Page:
On 29 and 30 November, farmers from across India will gather in Delhi and march towards the parliament to demand a special three-week joint session on India’s agrarian crisis. The march—named the Kisan Mukti March, or Farmers’ Freedom March—has been called by the All India Kisan Sangharsh Coordination Committee, an umbrella group of at least 130 farmer organisations, formed in June 2018. Along with one lakh farmers and agricultural labourers, the two-day protest is also expected to see participation from middle class citizens, walking in solidarity with farming communities.
Mounting debts, annual droughts and farmer suicides have marked the story of Indian farmers for decades. In November 2004, the government constituted the National Commission on Farmers, under the chairmanship of professor MS Swaminathan, to examine the causes of farmers’ distress and recommend ways to resolve it. Between 2004 and 2006, the commission submitted five reports. None have been implemented.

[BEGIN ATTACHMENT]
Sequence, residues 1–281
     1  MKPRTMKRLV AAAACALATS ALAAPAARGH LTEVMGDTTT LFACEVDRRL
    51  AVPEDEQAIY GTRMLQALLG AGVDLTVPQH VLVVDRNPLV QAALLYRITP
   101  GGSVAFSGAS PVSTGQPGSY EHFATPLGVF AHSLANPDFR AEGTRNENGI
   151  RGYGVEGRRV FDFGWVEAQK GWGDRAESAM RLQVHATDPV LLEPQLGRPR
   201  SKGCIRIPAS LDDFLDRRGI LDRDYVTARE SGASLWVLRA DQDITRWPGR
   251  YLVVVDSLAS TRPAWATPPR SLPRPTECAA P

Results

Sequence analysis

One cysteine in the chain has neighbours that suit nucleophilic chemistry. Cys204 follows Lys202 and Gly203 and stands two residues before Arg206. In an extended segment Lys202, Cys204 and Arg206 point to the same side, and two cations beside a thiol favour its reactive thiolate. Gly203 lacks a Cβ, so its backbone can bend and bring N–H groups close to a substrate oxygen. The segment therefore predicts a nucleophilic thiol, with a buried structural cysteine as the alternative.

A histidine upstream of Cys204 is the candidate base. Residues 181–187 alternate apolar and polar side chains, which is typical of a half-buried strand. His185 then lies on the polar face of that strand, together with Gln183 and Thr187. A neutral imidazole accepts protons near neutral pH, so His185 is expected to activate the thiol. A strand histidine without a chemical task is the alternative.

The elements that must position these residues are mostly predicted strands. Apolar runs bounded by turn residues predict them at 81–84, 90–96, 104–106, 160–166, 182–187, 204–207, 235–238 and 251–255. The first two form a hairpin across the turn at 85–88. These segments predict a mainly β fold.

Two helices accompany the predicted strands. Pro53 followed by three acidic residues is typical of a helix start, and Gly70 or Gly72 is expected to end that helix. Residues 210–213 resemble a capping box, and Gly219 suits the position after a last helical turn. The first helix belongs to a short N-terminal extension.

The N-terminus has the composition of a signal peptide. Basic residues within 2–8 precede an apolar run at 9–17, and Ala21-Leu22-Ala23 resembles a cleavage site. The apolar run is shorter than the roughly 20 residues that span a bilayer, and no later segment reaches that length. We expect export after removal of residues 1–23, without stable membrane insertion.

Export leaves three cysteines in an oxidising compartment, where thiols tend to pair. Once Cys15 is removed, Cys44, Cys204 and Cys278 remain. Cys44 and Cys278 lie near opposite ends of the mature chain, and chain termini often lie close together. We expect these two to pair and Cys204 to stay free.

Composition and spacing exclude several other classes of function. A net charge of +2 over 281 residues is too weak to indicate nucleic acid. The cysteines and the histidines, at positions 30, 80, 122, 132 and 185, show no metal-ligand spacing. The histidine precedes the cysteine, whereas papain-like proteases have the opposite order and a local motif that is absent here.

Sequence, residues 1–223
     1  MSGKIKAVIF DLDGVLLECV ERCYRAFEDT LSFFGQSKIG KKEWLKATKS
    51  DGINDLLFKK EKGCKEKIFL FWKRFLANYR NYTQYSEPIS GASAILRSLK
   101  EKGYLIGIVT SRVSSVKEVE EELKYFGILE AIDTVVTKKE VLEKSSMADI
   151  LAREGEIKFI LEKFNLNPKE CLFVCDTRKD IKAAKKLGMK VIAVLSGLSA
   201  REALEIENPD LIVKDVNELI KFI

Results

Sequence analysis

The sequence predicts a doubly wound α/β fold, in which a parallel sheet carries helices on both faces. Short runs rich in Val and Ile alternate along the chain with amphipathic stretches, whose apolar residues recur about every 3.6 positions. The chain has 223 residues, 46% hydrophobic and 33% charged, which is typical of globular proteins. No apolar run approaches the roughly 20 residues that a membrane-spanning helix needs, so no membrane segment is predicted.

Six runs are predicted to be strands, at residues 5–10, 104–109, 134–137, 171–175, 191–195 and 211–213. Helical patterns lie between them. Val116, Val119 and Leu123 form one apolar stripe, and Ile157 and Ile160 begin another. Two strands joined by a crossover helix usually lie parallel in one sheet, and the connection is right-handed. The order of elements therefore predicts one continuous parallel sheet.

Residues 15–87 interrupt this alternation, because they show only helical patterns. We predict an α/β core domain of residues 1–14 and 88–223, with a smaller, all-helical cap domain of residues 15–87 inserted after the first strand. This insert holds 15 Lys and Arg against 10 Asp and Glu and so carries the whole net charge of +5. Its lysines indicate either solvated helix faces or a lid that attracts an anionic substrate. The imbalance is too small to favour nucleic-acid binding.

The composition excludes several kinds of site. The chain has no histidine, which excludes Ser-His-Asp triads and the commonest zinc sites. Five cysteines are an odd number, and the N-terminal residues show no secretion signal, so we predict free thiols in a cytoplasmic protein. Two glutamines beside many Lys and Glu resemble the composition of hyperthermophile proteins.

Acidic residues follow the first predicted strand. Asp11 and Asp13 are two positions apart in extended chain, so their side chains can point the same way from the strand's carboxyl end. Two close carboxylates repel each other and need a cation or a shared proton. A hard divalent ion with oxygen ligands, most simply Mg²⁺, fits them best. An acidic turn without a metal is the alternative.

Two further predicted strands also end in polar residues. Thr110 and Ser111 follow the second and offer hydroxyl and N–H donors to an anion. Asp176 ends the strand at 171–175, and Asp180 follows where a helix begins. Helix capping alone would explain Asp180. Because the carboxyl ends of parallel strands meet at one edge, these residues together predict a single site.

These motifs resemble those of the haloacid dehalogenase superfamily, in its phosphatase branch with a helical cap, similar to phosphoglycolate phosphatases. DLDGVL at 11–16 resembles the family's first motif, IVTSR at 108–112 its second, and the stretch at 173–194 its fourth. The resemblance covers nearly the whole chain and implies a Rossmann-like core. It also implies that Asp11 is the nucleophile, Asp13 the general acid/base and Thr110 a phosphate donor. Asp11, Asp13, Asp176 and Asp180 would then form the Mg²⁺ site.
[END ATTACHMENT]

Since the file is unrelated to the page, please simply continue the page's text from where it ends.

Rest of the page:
In recent years, farmers have begun to collectively assert their rights through public protest. In March this year, at least 35,000 farmers walked 182 kilometres from Nashik to Azad Maidan in Mumbai, demanding land rights, loan waivers and support for crop losses. Taking this forward, the Kisan Mukti March in Delhi aims to engage the people’s representatives in a long-overdue conversation about what concerns India’s farmers.